For the shoot, Nyeusi stands on a vantage point overlooking the jaded sea. She stands with the sea behind her, so the jade background call allow the photo to breath life into the landscape. Behind her, right before the sharp cliff, is a lone white cross surrounded by a neatly pile of rocks. In her field of view is her entire village, littered with hundreds of manyattas in a flowing pattern.
The flow is interrupted by the occasional stone building, with its shiny mabati roof, and the cellphone network mast in the distance. But the camera blurs all that background and focuses on this beauty.
The strong wind hits her face every few seconds as it fights to get to the open sea. She doesnt flinch, she looks directly into the camera. Given that a shoot like this can take even an hour, at the top of a hill where the wind threatens to tip even the Cruiser over, one would expect fragility.
But there’s none. There’s pure focus. The wind lifts her braids and flies them into a few of the shots. Then a shuka, meant to create some kind of shade, flows into her field of view and she quickly darts her eyes to see it. That diversion creates something else.
Here’s the thing. There was an age for dark-skinned African female models. From Iman Bowie and Alek Wek, that dashing woman who brought South Sudan to the world, to Ajuma Nasenyana, who first walked on to the world stage in 2003, that journey has never really ended. Ajuma, like Nyeusi, is Turkana.
What is common about this women is how they brought sexy to a whole new level. It is the full lips, for example, that you first see when you see an image of Ajuma. The thickset lips, the dark skin and the short hair, brought together by high cheekbones, have taken them to the most elite levels of global modelling. Their dark flawless skin stole most of the attention but it is the eyes though, that create the greatest contrast though.
It was about a lot more than their physical beauty.
There’s a chilling feeling when Nyeusi stares back. This dark-skinned beauty, on the edge of what was once the Jade Sea, seems to see all. She has small eyes, as does almost every Turkana native. Her eye balls, white as a cloud, work with her dark skin to create what feels like a permeating force. In what Lupita Nyongo said of Alek Wek, that she was dark as night, Nyeusi eyes look like two small crescent moons in the dark night sky.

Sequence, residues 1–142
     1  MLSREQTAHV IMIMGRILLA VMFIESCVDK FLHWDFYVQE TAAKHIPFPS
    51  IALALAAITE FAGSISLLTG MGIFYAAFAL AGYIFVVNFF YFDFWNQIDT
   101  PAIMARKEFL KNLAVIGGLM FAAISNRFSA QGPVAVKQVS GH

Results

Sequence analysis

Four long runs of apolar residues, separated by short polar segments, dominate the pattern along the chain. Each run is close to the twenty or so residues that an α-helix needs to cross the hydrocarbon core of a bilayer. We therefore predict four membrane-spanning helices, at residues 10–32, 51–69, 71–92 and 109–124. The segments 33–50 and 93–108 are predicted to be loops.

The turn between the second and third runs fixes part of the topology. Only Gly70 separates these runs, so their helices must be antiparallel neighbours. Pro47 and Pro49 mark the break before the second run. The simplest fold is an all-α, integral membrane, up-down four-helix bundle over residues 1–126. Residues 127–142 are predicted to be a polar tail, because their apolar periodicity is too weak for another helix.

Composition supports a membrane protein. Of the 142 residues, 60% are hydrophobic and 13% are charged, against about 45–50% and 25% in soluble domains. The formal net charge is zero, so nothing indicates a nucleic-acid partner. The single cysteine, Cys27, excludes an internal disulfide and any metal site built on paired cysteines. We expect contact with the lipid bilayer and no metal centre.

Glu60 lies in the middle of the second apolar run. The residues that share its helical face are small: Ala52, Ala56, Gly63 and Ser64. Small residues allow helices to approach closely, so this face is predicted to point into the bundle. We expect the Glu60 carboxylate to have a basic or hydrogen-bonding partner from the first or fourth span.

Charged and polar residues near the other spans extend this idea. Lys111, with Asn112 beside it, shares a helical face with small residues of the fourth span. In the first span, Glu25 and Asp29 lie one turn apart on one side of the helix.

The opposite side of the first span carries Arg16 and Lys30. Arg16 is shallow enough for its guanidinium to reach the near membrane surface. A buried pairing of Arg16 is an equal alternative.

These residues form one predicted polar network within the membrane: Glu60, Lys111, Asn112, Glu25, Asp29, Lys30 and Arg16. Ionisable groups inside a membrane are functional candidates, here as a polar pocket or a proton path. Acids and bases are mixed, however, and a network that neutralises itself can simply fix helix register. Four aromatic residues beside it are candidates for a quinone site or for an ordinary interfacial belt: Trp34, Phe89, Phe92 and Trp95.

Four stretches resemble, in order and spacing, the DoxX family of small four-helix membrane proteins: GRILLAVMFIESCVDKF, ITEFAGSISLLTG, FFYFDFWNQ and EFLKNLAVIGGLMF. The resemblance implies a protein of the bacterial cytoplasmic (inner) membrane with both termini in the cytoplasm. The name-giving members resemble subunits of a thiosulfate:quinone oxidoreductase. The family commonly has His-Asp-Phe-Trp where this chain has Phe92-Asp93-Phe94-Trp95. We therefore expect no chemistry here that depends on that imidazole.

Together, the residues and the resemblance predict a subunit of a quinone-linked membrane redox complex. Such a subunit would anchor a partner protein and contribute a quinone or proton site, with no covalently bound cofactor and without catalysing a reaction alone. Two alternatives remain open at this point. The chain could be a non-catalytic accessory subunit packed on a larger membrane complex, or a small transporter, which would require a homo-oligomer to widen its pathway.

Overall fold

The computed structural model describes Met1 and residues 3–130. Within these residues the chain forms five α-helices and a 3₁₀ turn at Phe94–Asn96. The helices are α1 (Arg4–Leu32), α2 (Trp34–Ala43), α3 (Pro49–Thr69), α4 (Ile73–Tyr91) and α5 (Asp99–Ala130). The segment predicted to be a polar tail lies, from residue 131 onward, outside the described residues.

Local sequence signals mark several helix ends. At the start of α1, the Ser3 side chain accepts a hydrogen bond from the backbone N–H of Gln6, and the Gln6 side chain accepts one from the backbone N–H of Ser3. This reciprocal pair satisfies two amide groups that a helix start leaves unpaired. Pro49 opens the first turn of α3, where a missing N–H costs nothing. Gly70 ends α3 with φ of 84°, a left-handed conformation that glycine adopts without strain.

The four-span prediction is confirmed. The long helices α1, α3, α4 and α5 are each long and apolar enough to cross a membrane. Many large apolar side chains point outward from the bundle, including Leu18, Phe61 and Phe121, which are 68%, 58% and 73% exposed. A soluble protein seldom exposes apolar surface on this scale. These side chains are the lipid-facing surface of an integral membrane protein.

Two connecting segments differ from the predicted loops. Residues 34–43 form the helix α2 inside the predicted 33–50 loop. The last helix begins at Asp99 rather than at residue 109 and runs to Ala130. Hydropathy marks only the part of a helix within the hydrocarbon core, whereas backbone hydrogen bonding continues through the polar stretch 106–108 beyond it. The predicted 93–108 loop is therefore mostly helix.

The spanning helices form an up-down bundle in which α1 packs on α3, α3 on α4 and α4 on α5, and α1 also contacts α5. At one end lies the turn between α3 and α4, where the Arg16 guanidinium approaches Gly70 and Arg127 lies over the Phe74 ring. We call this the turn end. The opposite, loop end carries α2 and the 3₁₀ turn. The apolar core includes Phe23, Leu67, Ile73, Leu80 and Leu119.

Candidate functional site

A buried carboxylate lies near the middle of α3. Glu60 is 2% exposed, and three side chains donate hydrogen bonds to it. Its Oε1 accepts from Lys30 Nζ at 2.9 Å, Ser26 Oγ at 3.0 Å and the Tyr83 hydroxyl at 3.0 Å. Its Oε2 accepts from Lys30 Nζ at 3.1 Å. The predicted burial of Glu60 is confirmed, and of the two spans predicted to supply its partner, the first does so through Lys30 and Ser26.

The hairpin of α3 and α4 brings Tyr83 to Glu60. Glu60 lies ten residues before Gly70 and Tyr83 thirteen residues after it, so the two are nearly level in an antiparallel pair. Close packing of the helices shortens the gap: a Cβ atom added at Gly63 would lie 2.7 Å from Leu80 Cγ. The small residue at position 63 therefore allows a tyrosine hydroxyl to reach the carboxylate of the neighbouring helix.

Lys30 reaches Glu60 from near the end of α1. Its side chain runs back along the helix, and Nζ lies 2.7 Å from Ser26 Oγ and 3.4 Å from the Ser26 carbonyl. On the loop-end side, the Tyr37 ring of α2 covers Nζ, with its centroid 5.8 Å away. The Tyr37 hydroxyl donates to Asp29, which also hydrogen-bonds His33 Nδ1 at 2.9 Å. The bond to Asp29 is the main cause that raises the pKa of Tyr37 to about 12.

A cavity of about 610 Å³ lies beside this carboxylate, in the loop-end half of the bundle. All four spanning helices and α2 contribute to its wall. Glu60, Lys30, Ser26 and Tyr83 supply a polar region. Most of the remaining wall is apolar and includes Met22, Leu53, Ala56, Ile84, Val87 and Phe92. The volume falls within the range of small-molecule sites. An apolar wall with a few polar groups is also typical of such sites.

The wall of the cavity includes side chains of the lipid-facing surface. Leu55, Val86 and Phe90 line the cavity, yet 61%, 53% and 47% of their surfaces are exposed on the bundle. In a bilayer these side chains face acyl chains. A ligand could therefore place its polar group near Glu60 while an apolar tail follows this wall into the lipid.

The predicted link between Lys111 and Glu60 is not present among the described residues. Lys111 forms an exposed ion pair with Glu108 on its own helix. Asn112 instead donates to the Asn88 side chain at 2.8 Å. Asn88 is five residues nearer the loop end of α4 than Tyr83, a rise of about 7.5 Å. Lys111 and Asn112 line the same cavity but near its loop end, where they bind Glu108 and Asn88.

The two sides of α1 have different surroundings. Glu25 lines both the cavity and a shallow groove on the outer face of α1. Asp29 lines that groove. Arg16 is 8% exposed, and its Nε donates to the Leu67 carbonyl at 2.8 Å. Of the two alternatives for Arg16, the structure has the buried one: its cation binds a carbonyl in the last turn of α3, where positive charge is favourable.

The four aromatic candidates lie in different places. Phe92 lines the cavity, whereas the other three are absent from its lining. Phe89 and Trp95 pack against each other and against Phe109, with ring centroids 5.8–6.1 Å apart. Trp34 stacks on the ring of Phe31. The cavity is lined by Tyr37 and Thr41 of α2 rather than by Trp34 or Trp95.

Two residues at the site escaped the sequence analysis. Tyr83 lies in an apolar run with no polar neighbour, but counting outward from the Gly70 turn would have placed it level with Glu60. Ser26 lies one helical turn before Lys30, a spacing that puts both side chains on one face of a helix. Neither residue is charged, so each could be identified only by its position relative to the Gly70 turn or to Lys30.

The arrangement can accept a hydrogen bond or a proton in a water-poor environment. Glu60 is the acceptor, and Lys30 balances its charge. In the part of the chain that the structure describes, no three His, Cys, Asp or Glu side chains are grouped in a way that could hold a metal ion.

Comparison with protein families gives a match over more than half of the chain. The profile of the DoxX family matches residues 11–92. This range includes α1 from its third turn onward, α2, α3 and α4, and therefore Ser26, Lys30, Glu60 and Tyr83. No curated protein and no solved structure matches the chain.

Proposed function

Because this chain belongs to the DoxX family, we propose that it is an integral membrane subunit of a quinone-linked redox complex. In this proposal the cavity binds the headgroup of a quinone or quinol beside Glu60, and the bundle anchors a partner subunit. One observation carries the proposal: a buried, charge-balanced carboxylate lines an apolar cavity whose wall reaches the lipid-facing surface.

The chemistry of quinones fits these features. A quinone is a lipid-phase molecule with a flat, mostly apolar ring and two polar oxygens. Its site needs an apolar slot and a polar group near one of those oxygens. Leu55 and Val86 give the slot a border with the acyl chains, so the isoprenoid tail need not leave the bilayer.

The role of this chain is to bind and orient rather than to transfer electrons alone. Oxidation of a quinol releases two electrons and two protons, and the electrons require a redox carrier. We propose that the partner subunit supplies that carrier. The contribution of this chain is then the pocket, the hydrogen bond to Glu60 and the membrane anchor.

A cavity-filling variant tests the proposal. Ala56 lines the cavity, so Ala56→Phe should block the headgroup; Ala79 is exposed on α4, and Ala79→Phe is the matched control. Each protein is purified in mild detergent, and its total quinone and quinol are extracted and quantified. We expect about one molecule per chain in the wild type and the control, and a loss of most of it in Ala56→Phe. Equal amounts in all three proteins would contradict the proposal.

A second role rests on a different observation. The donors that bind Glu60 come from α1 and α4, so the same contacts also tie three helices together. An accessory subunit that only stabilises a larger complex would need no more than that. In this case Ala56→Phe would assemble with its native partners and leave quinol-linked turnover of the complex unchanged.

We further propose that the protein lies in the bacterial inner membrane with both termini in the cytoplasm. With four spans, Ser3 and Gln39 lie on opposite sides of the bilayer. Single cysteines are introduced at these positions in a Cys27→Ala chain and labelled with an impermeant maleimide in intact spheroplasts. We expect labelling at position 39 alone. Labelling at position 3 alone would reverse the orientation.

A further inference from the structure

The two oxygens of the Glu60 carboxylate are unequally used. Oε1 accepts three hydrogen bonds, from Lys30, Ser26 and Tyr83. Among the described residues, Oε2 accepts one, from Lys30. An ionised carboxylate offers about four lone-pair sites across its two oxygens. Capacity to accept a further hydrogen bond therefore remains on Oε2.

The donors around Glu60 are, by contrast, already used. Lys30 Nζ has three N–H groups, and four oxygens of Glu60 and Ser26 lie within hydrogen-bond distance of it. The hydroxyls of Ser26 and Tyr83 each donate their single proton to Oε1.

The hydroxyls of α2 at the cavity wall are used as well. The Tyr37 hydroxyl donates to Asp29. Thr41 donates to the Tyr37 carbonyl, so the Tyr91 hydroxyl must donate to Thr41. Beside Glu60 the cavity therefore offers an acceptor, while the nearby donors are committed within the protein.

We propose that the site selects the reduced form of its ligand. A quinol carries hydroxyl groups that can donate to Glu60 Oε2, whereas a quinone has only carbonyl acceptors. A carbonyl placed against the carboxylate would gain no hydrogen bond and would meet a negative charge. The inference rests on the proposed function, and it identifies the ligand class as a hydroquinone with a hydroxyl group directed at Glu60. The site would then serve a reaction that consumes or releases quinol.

She looks dreamy, and smiles as if all is well with the world?
In its own way, looking at Nyeusi like that has its own problems. Dark-skinned models have never fully appealed to mainstream fashion, even in Kenya. Their success has been the product of high fashion who, tired of Van Goghs and yatchts, looked for beauty in what they consider exotic beauty. So dark became haute couture, and did very little to change the world. But beauty is both subjective and universal, meaning that while the experiences of the viewer matter, instinct plays a bigger role. Beauty, most of the time, is confidence, and Nyeusi has that in bucketloads.
Nyeusi quickly got rid of her beaded garb the moment her two charmers declared they had to stop. She constantly smiled, and said too little to know who she is as a person. What she didn’t have to say is that though she doesn’t have life figured out, she will live and thrive.
The day after we met Nyeusi, we left Turkana. We pitched camp in Nanyuki after taking a detour into Lewa Conservancy to chase the setting sun. Its thrilling landscapes, and variety of wildlife, made for an interesting sundowner as jackets and sweaters were, for the first time during this entire trip, used.
The road will now lead to Nyeri but on the route going around Mount Kenya. It feels like a different, swarmed world after the marvel that was Turkana but as with all art, and nature is art, beauty shall be found.
One story is good,
till Another is told.
Last modified: February 12, 2020